ROCHESTER - The Rochester Fire Department's mandate that new one- and two-family homes outside the fire hydrant district provide an outside water source is nothing more than an attempt to sidestep a state law that prohibits mandatory sprinkler systems and could frustrate efforts to create affordable housing, a local builder says.
Fenton Groen, of Groen Construction of Rochester, said a sprinkler system can add between $6,000-$10,000 for a typical 2,000 square foot single family home.
But it's important to note that Rochester Fire is not specifically mandating sprinklers, Rochester Fire Chief Mark Klose said last week. They are mandating an outside water source on new one- and two-family homes that are part of a subdivision.
Those outside water sources could come from a variety of options, Klose said, including bringing the city water supply to the subdivision, building a cistern, installing a sprinkler system or constructing a pond with a dry hydrant, from which fire hoses could pump water to fight a fire.
Groen and Rochester City Councilor Bob Gates both see the move as an end-around to force sprinklers systems, since the other options are much more costly and make little sense for many subdivisions, which could comprise just one residence.
"Rochester tried to do this 10 years ago, but the City Council voted it down," Gates said recently. "Then the (state) Legislature passed a law sprinklers couldn't be mandated."
In fact, New Hampshire is among 29 states prohibiting statewide or local ordinances requiring sprinklers in new one- and two-family homes.
But Groen said when builders are looking at a $30,000-$75,000 cistern, the city is virtually making sprinklers mandatory due to the prohibitive cost of a cistern.
Groen, who's built at least 30 homes in the area over the past 18 years, said the new policy from Rochester Fire began out of the blue earlier this year.
Gates said he's most in opposition to the move because of the economic impact it has on young families looking to buy their first home.
"I think it's adding a lot of money to the price of homes, and I don't believe the value is there," Gates said. "Rochester has lot of houses outside the water (hydrant) district already built, and they'll have to have the (fire) equipment to fight those for a long time, so to add $7-$10,000 (for a sprinkler) doesn't make sense while the fire equipment is already there to fight those fires."
Gates also pointed out that grandfathered houses for which sprinklers aren't required will be around for a long time, and added that it frustrates the city's efforts to produce workforce housing.
"There's been talk for years about affordable housing, but added regulation continually drives up the cost of those homes," he said. "New homes meet more exacting standards, and the risk is much smaller. The new homes are all required to have interconnected smoke detectors, which reduces life safety risk. The fire risk is actually higher in the older homes, and the city has to have the ability and equipment to fight fires in the older homes, too."
In the past three years there have been no fires outside the fire hydrant district, according to Rochester Fire.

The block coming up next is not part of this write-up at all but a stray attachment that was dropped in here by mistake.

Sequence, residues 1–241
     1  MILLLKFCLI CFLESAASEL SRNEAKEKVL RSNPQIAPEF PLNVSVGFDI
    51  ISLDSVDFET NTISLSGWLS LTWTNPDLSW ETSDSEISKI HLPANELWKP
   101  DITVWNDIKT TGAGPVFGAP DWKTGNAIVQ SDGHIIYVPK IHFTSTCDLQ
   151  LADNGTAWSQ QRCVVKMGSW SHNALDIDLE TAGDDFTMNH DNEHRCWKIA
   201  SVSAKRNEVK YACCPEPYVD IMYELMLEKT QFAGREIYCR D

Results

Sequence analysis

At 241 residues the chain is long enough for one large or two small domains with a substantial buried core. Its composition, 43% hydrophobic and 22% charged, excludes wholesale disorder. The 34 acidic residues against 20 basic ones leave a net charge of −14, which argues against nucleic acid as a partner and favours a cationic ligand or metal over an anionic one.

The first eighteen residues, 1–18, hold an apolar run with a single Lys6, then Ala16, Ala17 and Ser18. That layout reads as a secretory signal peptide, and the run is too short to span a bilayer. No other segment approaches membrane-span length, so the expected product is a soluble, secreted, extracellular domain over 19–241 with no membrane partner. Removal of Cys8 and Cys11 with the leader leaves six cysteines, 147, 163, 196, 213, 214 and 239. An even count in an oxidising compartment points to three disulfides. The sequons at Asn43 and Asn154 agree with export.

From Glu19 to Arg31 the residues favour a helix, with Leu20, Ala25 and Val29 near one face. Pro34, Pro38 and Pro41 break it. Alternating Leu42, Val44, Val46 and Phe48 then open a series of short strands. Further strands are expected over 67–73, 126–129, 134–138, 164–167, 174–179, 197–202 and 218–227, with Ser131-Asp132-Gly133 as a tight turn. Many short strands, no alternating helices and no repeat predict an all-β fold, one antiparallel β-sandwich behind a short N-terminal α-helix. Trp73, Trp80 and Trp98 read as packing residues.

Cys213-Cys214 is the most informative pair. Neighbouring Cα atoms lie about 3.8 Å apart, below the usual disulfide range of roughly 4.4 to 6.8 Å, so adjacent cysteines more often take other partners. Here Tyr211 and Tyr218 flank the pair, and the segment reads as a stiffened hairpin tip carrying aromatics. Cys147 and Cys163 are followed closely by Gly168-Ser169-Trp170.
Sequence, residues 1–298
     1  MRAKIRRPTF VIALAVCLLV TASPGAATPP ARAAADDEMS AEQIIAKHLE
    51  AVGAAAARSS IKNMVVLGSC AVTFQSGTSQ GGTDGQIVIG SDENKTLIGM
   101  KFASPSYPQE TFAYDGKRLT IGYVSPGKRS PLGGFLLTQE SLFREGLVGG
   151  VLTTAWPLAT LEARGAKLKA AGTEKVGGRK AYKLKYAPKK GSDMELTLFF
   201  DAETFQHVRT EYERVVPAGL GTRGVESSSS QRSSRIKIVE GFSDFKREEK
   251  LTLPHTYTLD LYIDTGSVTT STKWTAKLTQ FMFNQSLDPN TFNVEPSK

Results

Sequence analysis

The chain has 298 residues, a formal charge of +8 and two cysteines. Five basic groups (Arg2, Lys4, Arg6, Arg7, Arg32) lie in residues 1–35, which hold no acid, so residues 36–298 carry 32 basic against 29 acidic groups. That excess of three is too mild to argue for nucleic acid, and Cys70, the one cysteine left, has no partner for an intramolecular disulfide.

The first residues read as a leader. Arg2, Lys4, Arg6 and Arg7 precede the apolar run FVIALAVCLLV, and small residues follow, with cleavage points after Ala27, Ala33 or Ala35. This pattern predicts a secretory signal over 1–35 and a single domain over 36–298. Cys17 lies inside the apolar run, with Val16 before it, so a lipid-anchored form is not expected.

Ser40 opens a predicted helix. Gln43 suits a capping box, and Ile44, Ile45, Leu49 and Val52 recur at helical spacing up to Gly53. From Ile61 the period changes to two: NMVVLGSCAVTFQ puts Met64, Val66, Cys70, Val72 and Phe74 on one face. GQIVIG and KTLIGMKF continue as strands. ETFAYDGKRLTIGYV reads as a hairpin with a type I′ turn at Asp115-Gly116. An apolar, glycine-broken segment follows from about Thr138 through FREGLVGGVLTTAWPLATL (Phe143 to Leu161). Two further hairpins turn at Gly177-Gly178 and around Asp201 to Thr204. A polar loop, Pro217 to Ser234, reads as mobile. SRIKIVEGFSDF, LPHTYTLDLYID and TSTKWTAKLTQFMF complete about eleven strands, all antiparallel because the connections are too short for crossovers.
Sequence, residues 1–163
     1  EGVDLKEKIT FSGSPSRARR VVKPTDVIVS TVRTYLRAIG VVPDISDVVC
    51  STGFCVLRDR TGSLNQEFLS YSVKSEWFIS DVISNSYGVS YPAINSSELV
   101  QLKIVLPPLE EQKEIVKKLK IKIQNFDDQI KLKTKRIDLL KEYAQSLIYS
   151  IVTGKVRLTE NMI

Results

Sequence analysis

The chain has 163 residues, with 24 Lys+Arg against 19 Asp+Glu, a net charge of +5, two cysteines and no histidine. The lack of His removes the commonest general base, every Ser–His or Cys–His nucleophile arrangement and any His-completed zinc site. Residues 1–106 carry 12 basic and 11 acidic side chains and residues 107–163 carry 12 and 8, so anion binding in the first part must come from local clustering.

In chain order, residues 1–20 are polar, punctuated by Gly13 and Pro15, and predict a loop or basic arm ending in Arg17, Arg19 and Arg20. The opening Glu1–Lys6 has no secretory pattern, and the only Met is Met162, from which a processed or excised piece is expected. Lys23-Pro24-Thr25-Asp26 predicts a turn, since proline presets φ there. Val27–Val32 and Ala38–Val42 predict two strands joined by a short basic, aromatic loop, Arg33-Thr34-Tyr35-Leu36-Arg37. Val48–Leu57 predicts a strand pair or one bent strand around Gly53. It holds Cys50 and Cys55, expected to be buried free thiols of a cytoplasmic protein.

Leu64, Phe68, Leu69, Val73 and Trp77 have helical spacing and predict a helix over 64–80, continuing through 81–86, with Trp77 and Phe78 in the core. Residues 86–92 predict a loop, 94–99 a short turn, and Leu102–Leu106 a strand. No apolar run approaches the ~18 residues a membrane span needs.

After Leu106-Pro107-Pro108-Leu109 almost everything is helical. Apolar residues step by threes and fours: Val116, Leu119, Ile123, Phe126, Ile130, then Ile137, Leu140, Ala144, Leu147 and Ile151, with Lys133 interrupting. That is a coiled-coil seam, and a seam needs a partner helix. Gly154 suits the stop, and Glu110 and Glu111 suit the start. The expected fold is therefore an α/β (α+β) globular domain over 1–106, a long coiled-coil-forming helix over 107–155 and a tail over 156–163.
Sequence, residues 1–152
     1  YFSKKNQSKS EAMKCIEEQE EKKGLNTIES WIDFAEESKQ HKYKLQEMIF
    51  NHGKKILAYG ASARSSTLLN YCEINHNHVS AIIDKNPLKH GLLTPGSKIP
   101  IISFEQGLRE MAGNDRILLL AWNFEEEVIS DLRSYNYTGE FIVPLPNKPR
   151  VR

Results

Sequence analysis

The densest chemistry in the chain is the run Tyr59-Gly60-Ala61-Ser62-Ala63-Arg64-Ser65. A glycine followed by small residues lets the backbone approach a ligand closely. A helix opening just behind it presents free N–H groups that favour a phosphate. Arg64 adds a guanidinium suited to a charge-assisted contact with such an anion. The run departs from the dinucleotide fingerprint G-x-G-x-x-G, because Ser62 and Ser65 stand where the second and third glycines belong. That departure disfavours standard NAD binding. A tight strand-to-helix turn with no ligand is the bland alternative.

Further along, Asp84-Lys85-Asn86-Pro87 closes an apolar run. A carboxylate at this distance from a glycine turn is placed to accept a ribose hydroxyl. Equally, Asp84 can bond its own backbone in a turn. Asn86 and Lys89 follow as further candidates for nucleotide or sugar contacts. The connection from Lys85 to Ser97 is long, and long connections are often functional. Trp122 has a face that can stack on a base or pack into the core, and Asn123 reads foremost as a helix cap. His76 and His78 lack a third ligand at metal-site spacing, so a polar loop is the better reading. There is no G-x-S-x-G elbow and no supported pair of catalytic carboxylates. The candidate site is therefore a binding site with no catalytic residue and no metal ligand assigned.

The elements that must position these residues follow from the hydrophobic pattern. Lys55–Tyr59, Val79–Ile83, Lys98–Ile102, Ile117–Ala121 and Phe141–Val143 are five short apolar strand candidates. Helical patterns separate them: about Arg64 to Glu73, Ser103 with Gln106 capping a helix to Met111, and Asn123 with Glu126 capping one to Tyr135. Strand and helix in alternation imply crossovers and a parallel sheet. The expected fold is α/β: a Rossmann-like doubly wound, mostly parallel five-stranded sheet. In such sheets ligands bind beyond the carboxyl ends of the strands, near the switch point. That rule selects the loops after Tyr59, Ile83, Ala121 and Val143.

The Rochester Voice called several surrounding cities and found that Somersworth and Portsmouth have no need of such a requirement as virtually all their residents are served by sprinklers.
Meanwhile, Sanford, Maine, requires either a cistern or a sprinkler system in all nonfire hydrant areas of the city.
Maine has no statewide requirement for or against sprinklers, but does allow local jurisdictions to adopt them. The town of Gorham, Maine, recently enacted its own mandatory sprinkler system ordinance, which requires them in all new one- and two-family homes.
Klose, while conceding the cost of a sprinkler system could cost homeowners a few thousand dollars, claimed opponents of his initiative are focusing on the sprinkler option to try to make it sound like he's doing an end-around.
He added that the outside water source requirement has been on the books for some time, and while it may not have been enforced by the previous administration, that's got nothing to do with him.
"I will not explain what previous administrations have done, but this has been on the books for years," said Klose. who added that homeowners will save on insurance rates with a sprinkler or cistern.
Klose also cautioned that fires today, while not as prevalent as in the past, are more dangerous, due to the plastics and toxicity used in their building.
"Houses are burning so fast, so hot, there's more toxicity," he said. "For instance some floor joists, because they're prefab and not conventional lumber, but made with glue and particle board, the glue gives off gases and they are failing faster."
He said a month and a half ago he's read about a large house fire in which firefighters fell through the second floor, which hadn't seemed to be compromised but had due to failing floor joists.
"I'm also concerned about firefighter safety while fighting the fire," he explained.
And while there have been few fires outside Rochester's fire hydrant district, Klose is unabashedly determined to press his administration's life safety policy despite any outcry over workforce or middle-income housing costs.
"One person dying in a fire is too much," he said. "Our goal is to save lives, and if I can save somebody's life than I've done my job," he said.